Valuations are vital as they give lenders an idea of how much the property is worth and it could decide whether you can purchase or refinance. So what should and shouldn’t you do?
Whether you are looking to purchase, refinance or access your equity, valuations cannot be avoided.
Valuations are a vital part of the process as they give lenders an idea of how much the property is worth and it could ultimately decide whether you can or can’t purchase or refinance. So what should and shouldn’t you do?
DO prepare your property as if it was for an open house. A well-presented house can make all the difference when it comes to a valuation. If your property does not look maintained and there are personal items and rubbish everywhere, it may affect the value as clean up costs will need to be taken into account.
DON’T assume a valuation is the same as an appraisal. Although they both determine what the market value of a property should be, they are done differently. A valuation is a formal report completed by an accredited valuer and lenders use this to determine whether it is suitable security. Whereas an appraisal is an informal valuation completed by a real estate agent. It can be used as a guide if you are planning to sell your home, but it is not a legally binding document.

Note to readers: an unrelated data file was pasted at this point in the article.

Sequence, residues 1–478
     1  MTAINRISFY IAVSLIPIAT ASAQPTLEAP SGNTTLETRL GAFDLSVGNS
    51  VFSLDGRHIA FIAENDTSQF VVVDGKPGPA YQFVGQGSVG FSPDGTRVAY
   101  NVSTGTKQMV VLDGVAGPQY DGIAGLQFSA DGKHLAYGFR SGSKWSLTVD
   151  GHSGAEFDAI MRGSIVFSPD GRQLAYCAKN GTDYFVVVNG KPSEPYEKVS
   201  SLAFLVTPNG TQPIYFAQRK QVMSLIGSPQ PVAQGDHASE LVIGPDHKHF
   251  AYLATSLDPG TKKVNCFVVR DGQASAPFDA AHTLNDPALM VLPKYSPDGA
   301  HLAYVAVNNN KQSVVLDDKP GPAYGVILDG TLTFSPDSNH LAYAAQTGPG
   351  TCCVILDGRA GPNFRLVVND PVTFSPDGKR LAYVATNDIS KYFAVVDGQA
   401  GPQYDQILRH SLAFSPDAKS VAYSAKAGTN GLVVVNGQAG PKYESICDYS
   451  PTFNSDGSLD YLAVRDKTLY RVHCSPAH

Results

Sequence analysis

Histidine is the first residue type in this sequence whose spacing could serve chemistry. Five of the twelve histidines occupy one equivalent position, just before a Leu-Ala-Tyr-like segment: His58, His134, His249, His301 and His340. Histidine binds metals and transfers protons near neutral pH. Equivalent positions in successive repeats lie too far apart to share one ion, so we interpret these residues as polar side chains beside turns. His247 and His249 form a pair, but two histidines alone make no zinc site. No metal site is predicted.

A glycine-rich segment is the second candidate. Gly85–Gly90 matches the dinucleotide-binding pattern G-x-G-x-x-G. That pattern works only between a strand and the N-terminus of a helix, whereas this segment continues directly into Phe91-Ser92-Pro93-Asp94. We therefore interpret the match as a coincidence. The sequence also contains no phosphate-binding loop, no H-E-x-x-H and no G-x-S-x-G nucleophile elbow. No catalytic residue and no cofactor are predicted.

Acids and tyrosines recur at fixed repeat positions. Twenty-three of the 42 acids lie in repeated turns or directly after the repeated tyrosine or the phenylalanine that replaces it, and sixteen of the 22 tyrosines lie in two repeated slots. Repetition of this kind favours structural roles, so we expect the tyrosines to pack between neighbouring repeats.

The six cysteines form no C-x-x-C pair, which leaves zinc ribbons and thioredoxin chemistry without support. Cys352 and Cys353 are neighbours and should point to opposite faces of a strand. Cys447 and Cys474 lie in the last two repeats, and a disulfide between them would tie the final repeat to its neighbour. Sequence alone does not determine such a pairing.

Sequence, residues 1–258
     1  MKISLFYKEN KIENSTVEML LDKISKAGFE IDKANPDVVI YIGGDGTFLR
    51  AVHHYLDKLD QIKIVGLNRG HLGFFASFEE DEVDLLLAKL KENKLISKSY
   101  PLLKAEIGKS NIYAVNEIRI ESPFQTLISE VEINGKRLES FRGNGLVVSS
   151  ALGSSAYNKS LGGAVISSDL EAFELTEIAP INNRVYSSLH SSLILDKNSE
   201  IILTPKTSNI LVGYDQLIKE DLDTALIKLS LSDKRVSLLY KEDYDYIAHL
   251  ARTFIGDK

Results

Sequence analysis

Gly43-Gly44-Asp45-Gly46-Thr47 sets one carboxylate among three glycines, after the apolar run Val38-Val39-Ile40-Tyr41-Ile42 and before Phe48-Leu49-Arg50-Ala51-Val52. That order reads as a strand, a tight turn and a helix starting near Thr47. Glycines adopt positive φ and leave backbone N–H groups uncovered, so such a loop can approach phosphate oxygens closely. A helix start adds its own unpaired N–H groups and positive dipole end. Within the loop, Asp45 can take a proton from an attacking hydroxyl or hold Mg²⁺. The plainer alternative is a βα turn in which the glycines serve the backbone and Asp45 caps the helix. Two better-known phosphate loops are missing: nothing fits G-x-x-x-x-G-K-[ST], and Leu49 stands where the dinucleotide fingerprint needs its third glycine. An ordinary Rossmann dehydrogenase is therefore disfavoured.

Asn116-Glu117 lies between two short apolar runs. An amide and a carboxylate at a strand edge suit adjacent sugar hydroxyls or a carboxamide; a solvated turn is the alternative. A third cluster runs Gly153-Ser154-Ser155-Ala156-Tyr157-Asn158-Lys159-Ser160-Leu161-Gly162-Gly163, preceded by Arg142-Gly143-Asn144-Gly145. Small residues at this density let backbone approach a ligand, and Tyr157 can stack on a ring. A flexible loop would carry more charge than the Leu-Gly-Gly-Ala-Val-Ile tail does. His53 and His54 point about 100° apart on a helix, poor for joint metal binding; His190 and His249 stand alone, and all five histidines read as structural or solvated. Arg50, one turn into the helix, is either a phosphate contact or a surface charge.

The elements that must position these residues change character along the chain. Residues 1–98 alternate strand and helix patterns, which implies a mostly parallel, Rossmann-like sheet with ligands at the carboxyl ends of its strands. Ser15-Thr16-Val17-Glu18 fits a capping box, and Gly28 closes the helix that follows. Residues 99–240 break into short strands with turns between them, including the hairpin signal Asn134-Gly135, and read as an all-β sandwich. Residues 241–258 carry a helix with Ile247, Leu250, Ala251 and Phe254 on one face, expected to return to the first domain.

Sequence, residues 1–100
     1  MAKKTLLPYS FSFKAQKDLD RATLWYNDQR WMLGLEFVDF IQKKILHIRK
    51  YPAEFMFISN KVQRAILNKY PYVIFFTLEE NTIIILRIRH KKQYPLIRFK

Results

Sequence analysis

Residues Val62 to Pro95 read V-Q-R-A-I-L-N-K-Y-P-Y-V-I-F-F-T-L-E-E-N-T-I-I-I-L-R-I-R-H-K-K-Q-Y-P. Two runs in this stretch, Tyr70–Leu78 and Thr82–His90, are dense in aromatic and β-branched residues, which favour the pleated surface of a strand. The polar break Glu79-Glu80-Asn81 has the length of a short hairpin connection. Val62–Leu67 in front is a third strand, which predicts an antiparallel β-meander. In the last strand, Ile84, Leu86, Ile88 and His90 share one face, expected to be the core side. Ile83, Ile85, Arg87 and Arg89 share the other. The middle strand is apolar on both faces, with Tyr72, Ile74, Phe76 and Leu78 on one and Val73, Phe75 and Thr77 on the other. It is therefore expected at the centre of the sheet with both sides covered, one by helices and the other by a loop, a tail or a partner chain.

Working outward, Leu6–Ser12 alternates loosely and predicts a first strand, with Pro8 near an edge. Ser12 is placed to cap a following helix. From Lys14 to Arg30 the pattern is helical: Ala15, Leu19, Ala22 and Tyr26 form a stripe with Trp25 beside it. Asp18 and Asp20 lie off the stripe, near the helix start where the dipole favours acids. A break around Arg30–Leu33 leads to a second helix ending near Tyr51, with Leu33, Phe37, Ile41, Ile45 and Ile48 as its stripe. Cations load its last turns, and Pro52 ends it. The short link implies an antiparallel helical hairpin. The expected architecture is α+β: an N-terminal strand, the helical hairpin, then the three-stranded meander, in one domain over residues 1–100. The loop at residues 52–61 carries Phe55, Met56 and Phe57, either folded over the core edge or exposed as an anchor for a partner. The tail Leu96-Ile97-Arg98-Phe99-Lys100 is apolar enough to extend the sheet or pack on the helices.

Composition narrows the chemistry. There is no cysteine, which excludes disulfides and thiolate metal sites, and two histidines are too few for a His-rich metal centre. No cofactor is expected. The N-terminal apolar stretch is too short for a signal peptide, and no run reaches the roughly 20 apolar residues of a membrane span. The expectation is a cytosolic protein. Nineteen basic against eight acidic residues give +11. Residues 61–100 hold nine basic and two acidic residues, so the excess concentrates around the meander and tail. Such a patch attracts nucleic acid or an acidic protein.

DO take advantage of natural aspects. Do you have a spectacular view, but it is blocked by overgrown trees? This could hurt the valuation. Take the time beforehand to evaluate what your property has to offer and ensure it is shown off.
DON’T leave the valuer to walk around by themselves. Without being too much of a pest, stay with the valuer and point out any special features or additions to the property to ensure they are not missed.
DO consider renovating or adding on an extra room. Depending on the project, it could improve the property’s price tag. For example, if you have a four bedroom home with only one bathroom, adding an extra bathroom could make the home more appealing.
DON’T leave a renovation project unfinished. If you are half-way through a bathroom or another renovation, it could negatively impact the property’s value. A valuer will assess the property based on what it looks like on the day, not what it may be worth when the renovation are finished down the track.
DO keep a paper trail of recent sales from other properties in the area. Visit local auctions to see what those properties are selling for and don’t forget to collect the real estate agent’s information so that the valuer can follow up with them. But make sure the properties are similar to your own, otherwise the information may be redundant.